The Maryland King Tides Photo Initiative is a part of an international effort to ask citizens to help illustrate conditions in their community during these higher-than-normal tides.  Pictures submitted for this initiative are used to tell a story of how our most vulnerable areas are currently being impacted by natural, predictable tides. This illustrated story will help DNR further understand how Maryland's coastal zone is being impacted by ongoing tidal inundation. 


These pictures will form a historical library that

Photo by Peter C. McGowan, Holland Island, 2010.

planners and decision-makers can refer to as a baseline for helping communities plan for future conditions, including sea level rise, increased storm events, storm surge, and other coastal hazards.  Pictures will also be used for brochures, presentations, and in the creation of outreach and education materials. 


The next two opportunities to capture these king tides are from June 23rd - 25th and July 21st - 24th.  Please be safe!!!  To participate, find a favorite, recognizable location, check tide charts and find the highest high tide that is convenient, join Flickr (it's FREE!), and sign up for the Maryland King Tides Flickr group.  Finally, upload your photos!   


For more information regarding the Maryland King Tide Initiative, please contact Kate Skaggs with the Chesapeake & Coastal Service at 410-260-8743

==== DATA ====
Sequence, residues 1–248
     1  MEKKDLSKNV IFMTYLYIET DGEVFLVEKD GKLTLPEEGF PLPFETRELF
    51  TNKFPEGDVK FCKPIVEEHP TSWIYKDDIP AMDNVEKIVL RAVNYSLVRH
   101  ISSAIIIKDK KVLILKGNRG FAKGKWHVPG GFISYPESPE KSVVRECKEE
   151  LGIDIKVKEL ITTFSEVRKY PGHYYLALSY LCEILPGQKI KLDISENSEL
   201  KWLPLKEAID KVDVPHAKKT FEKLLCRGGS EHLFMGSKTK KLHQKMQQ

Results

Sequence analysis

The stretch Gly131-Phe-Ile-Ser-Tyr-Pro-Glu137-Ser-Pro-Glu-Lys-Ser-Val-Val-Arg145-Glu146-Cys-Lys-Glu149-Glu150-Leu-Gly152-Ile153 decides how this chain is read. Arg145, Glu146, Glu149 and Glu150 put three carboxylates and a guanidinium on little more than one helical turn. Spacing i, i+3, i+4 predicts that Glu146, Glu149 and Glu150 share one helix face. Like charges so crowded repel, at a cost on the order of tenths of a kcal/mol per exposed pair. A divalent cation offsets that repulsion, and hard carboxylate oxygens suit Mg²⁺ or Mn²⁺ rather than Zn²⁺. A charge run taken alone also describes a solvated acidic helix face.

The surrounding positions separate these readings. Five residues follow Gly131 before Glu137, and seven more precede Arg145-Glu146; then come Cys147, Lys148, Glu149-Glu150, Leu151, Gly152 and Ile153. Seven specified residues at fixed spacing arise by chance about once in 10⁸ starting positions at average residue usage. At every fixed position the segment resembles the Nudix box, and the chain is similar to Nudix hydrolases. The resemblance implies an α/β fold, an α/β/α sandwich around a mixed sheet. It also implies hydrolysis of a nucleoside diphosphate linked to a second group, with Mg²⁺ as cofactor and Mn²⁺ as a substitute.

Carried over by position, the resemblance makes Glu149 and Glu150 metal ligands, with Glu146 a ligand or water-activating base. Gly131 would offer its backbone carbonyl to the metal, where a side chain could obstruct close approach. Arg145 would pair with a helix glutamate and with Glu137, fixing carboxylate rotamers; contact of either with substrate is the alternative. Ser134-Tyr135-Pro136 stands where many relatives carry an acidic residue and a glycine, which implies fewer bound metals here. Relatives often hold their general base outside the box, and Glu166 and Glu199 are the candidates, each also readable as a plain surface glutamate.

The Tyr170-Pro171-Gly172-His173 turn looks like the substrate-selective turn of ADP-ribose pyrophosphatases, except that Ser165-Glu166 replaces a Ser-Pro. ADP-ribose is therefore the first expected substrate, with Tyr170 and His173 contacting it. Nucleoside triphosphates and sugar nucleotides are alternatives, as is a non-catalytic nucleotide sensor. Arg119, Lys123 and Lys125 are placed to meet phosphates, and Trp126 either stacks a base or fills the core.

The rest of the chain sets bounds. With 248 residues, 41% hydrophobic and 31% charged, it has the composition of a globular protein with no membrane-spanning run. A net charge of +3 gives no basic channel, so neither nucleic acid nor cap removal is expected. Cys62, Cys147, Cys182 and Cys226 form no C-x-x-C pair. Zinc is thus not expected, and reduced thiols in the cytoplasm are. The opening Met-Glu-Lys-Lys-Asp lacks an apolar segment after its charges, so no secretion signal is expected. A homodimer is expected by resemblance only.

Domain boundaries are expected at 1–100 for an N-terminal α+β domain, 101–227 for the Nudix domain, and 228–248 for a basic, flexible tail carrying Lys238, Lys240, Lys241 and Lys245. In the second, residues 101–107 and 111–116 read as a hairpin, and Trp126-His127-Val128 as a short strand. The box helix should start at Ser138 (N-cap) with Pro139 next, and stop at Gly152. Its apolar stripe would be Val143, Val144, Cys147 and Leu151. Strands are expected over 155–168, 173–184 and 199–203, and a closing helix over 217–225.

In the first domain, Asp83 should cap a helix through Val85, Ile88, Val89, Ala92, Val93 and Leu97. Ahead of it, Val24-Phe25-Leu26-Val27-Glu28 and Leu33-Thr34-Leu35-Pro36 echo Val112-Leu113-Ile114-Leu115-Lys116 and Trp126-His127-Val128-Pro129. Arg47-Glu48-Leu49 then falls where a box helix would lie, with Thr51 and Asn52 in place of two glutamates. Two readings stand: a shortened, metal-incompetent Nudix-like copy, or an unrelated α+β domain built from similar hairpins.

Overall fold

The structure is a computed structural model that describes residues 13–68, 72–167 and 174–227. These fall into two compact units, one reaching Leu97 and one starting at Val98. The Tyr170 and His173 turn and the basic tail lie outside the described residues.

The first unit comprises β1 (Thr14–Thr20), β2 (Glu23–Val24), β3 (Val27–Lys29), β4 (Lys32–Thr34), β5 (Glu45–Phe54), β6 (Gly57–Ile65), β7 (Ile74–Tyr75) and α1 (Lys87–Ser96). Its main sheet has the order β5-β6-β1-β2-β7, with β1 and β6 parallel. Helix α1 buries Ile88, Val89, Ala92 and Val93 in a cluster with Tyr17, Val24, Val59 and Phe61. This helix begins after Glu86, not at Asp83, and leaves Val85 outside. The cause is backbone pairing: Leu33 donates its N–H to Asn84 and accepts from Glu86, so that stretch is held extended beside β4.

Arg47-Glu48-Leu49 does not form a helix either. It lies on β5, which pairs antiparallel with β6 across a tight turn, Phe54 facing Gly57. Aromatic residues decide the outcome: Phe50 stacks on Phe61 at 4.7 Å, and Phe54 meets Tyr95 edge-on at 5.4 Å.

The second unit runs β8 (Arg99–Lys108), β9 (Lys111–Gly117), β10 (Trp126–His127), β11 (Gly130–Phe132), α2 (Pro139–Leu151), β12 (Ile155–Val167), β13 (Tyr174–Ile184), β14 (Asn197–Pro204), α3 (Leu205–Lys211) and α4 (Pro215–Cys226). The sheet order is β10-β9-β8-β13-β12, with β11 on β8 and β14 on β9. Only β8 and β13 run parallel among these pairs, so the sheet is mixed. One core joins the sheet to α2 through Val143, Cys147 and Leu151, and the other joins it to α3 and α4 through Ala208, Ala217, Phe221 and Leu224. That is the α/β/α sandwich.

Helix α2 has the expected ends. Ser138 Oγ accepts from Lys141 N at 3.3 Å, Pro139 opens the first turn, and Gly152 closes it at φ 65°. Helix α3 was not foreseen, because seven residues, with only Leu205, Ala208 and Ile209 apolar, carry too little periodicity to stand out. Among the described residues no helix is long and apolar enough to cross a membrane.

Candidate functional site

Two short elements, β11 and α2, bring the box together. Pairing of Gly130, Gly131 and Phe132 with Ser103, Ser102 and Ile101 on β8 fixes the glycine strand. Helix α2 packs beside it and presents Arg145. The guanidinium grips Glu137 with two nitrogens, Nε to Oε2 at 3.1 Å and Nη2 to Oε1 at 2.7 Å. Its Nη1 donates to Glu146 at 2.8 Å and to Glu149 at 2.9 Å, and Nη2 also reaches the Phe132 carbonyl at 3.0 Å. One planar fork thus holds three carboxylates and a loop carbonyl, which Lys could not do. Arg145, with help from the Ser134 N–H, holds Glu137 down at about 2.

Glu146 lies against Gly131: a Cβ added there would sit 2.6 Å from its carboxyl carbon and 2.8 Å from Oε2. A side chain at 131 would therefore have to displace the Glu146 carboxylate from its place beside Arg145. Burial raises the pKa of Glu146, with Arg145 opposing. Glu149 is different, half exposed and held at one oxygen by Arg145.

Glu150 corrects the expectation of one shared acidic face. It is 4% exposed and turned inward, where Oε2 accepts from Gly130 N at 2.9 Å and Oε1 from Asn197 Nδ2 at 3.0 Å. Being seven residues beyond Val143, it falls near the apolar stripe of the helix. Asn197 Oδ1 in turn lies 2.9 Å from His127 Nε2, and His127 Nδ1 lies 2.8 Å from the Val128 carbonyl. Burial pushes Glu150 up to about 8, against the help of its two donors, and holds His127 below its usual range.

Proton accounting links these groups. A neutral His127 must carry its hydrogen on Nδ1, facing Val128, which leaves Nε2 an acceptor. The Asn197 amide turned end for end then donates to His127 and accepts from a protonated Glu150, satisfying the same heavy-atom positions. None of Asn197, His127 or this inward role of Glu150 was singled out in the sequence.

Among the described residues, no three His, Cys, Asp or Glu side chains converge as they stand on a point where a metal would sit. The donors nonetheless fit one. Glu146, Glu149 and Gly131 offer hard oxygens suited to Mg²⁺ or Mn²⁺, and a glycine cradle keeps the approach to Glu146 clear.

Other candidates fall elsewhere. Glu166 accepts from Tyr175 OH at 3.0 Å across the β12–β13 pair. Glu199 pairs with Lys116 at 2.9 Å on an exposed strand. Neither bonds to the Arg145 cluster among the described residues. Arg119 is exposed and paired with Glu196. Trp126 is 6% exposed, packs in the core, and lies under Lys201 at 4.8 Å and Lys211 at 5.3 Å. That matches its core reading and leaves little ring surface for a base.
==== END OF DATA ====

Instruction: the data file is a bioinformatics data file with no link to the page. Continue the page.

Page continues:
Collaborative staff set to showcase technical assistance tools at MML and MACO 

Photo by Jackie Takacs.
The Watershed Assistance Collaborative will have a table set up at the Maryland Municipal League (MML) conference from June 23-26 and the Maryland Association of Counties (MACO) conference from August 14-17.  During these conferences, the Collaborative will help discuss municipal issues related to non-point source restoration and protection efforts, network with city and town officials, and provide further technical assistance as needed. 

Maryland Sea Grant Extension, in partnership with the Collaborative, will present their online Stormwater Management and Restoration Tracker tool (SMART).  This interactive mapping and tracking tool, which The Center for GIS at Towson University helped create, was created to help counties and towns account for small scale residential Best Management Practices (BMPs) that will help them show nutrient reductions in compliance with Chesapeake Bay Total Maximum Daily Load (TMDL) permit requirements.

In addition to the SMART table presentation, the Maryland Environmental Finance Center (EFC) will be presenting on the current landscape of stormwater management in the state, examples of successful local level financing strategies, and what communities can anticipate in the future with regards to stormwater.

For more information regarding the Collaborative's presence at MML and MACO, please contact Jenn Raulin with the Chesapeake & Coastal Service at 410-260-8745.
Feel free to contact us with any comments, questions or ideas for future IN THE ZONE e-mails.
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A publication of the Maryland Coastal Zone Management Program pursuant to National Oceanic and Atmospheric Administration Award No. NA12NOS4190169. This publication is funded (in part) by a grant/cooperative agreement from the National Oceanic and Atmospheric Administration (NOAA). The views expressed herein are those of the author(s) and do not necessarily reflect the views of NOAA or any of its sub-agencies.